• Heart Rate (Average): Average heart rate measured in heartbeats per minute over the course of the workout and per interval.
  • HRV: Heart rate variability is the measure of the beat-to-beat variability between heartbeats.  Known as a very reliable measure of both physiological and psychological stress it is used as a standard metric for training across most sports.   Rewire uses the gold standard calculation for HRV known as rMSSD which stands for the root mean square of successive differences.  This is the same standard used by many well-known HRV apps and tools though it is useful to note that there is no standard for the scale factor applied to HRV which is why from app-to-app the measurements are slightly different.   You may also override the Rewire’s HRV calculation by syncing to Apple Health or Google Fit and selecting the “Use HRV data from this source” found under integration settings.  Read more about HRV measurements and the science behind it here.
  • Sleep (in Hrs):  Sleep measures the hours of sleep (not time in bed).  This data is currently pulled from Apple Health or Google Fit and is highly variable depending upon the accuracy of your sleep tracker.  Apple Health and Google Fit integration can be found in the app settings section

3. Self-Rated Subjective Metrics

Your Self-Rated Subjective metrics are very likely to be the most accurate indicators in your level of fatigue and physical and psychological readiness to perform.  These subjective questions were developed by Nasa for testing the readiness of astronauts.  The testing protocol is called the NASA Task Load Index (TLX).    The questions include:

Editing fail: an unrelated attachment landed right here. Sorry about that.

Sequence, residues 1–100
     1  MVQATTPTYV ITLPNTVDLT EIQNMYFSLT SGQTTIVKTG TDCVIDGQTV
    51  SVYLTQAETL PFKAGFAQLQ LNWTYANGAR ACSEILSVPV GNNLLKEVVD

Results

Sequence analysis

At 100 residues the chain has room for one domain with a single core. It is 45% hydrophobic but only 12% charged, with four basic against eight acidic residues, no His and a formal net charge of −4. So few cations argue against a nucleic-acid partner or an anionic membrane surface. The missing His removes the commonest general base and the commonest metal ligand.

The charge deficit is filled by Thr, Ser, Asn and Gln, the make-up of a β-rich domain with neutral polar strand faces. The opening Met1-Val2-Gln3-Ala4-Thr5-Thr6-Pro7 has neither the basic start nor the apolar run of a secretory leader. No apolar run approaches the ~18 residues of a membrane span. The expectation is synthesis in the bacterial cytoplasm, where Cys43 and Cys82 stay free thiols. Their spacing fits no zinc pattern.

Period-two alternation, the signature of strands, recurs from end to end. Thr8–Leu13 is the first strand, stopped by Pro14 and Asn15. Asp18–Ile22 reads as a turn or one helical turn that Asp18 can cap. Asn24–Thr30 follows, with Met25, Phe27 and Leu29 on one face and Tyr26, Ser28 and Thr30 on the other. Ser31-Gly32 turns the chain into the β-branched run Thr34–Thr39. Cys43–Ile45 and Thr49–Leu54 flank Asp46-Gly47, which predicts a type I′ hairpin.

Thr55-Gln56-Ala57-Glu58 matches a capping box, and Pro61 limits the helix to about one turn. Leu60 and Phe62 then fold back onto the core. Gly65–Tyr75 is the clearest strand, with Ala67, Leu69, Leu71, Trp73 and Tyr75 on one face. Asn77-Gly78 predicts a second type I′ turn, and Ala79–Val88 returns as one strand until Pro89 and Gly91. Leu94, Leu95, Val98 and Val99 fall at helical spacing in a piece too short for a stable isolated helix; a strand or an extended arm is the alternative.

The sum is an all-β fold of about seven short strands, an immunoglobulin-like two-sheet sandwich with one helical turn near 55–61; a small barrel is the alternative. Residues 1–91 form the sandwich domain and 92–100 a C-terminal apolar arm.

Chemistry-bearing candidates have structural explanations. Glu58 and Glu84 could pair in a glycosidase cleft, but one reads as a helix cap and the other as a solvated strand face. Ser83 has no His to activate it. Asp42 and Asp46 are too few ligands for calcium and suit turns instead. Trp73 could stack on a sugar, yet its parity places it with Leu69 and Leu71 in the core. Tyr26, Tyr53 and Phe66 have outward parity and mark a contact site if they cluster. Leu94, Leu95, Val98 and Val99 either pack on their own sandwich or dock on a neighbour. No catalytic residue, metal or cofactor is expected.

• Overall Subjective Score: Calculated by adding up the scores of all four numbers from self-rated questions.  Additionally, a trend arrow will show your current results as compared to your baseline.
  • Level of Rest:  Your self-assessment of your level of rest.  Generally, your first instinct is most accurate.   Note this is a positive scale as indicated by the orange bar from 0 to 100 with 0 signifying no rest and 100 the most amount of rest.
  • Level of Readiness: Your self-assessment of your level of readiness to perform.  Generally, your first instinct is most accurate.   Note this is a positive scale as indicated by the orange bar from 0 to 100 with 0 signifying not being ready to perform and 100 being the most ready to perform.
  • Level of Stress: Your self-assessment of your level of stress (both physical and psychological).  Generally, your first instinct is most accurate.   Note this is a negative scale as indicated from the red bar from 0 to -100 with 0 signifying the lowest level of stress and -100 the highest level of stress.
  • Level of Frustration: Your self-assessment of your level of frustration.  An increase in frustration is generally a strong indicator of cognitive fatigue.  Generally, your first instinct is most accurate.   Note this is a negative scale as indicated by the red bar from 0 to -100 with 0 signifying the lowest level of frustration and -100 the highest level of frustration.